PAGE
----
Albert Einstein once said that the “important thing is not to stop questioning.” A similar aphorism applies to composer and classical musician Yoko Hamabe Wylegala, whose life has been defined since the age of 7 by studying and questioning one subject or another.
“My parents took me to a ballet recital of ‘Swan Lake,’ and I was awestruck by the music. So I asked for Tchaikovsky’s ‘Swan Lake’ album as a birthday gift,” she says from her home in Washington D.C. “That was my first encounter with music. I wanted to experience the real thing, and to understand what Tchaikovsky’s music meant.”
When Wylegala’s birthday arrived, however, she was sorely disappointed to discover that the album she received was an edited version that didn’t include the one piece of music she was hankering to hear again — the section played during the pas de trois of Act 1. Undeterred, the whole experience became a definitive moment for Wylegala, who grew up to study at various universities scattered across the globe in order to experience and understand not just music, but everything that interests her. And her interests are eclectic — from music and the tango to mahjong and philosophy, she says she is always learning about something.
“I’ll keep studying for the rest of my days,” she says. “Over the years I’ve become accustomed to studying anywhere. I’m able to carve out the time necessary for periods of intense concentration in any environment.”
After attending a music university in Japan, Wylegala married Andrew Wylegala, minister counselor for financial affairs for the American Embassy in Tokyo.
The job took the couple to all corners of the globe, and every few years Wylegala found herself in a new locale with a different language. She explains that she has had to adopt a “go with the flow” mind-set when it came to unfamiliar territory and language. It was during her husband’s second post, in Mexico, that she became particularly aware of the joy of studying for study’s sake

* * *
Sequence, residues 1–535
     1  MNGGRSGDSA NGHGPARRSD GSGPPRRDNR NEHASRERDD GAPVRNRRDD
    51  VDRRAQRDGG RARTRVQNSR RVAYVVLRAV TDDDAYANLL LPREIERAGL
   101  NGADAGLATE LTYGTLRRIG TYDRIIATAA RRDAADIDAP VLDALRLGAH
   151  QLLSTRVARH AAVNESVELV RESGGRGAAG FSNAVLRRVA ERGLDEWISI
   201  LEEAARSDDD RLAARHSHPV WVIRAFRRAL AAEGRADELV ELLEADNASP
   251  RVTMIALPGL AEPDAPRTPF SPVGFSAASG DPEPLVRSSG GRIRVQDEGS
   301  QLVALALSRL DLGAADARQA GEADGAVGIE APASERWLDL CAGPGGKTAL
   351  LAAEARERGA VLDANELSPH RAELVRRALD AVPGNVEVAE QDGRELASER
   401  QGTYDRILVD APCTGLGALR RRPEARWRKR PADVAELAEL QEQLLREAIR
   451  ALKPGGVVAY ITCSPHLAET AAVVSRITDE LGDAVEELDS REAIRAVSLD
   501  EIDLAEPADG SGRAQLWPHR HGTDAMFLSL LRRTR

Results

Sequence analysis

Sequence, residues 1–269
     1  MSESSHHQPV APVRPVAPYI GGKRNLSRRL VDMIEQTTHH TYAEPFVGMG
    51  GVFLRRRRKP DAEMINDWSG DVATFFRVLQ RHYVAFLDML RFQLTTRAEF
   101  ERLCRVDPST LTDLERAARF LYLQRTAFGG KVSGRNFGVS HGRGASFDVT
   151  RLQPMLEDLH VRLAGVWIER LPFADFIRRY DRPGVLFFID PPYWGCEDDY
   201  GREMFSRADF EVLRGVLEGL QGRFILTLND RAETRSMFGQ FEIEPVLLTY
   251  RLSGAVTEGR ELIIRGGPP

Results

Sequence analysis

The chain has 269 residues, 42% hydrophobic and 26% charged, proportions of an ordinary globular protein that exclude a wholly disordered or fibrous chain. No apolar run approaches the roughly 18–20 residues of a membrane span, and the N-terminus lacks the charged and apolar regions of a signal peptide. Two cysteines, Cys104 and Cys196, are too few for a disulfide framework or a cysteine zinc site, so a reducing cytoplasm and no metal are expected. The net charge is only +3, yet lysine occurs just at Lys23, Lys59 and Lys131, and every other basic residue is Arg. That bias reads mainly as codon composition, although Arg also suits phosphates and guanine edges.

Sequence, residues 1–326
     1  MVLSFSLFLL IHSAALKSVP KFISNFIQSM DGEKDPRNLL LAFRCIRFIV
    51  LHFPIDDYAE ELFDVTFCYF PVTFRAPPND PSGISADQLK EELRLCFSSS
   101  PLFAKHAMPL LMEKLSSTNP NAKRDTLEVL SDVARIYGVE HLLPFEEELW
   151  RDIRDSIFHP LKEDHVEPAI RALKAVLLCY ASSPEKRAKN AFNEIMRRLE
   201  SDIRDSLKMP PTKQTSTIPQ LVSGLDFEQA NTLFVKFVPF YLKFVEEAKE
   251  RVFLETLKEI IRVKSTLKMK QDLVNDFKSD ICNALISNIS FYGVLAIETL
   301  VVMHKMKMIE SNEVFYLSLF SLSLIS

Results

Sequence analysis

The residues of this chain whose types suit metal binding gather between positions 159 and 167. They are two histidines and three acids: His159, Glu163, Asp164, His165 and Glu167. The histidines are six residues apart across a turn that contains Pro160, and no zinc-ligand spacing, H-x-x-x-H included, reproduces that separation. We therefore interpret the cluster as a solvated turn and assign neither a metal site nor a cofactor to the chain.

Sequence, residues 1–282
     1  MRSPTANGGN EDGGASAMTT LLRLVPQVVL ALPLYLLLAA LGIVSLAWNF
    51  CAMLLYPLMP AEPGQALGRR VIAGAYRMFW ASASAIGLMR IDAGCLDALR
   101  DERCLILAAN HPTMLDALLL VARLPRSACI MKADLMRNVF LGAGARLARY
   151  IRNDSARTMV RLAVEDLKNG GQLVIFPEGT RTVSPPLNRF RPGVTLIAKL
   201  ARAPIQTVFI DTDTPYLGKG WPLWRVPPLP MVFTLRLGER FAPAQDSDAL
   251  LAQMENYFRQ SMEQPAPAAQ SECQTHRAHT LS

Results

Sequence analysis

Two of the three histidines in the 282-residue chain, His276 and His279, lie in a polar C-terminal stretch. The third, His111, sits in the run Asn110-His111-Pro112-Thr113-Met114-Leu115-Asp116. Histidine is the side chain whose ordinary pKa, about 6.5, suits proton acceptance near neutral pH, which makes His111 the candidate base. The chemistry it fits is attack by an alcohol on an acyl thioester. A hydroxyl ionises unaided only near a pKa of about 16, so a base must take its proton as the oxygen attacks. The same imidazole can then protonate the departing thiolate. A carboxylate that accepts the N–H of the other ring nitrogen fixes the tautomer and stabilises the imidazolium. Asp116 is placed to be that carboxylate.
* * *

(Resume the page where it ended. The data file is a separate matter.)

“Mexico was crammed with color and emotions — it just woke up my senses. And in that environment I developed a passionate desire for self-expression,” recalls Wylegala. “I turned to music, because it was something I knew best. I hunted around for a music school and enrolled in Centro de Investigacion y Estudio de la Musica and studied music again, right from the beginning. The classes and exams were all in Spanish, so I had to learn that as well. The whole experience was very rewarding. I rediscovered the joy of starting a subject from scratch, and sitting in a classroom with no other goal except to learn, learn and learn.”
From then on, Wylegala has always combined studying with a nomadic lifestyle. The countries she has lived in the past 30 years span far and wide — Germany, Peru, Iraq, Hong Kong — the list is long.
“I first went abroad in my junior year in high school,” says Wylegala reflecting on her globetrotting past. “I went to Australia on a Rotary Youth Exchange program. It was an eye-opening experience. I was overwhelmed by the sheer scale of Australia, the power of its natural landscapes and the diversity of the people. Everything was incredibly different from anything I had experienced in Japan. For example, there were student-run disco nights at my school. One teacher quit his job to be a rock band roadie. Such things were unthinkable back in Tokyo.”
Australia planted the seeds of Wylegala’s quest for knowledge and freedom. “I was stunned at the size and scale of peoples’ houses. It struck me that in Australia, you didn’t need a huge income and elitist background to live in a big house with a pool,” she says. “The society there just seemed so prosperous, and respectful of personal happiness. My value system was turned upside down and stretched inside out. When I went home it was very tough adjusting back to the standards of Japanese life.”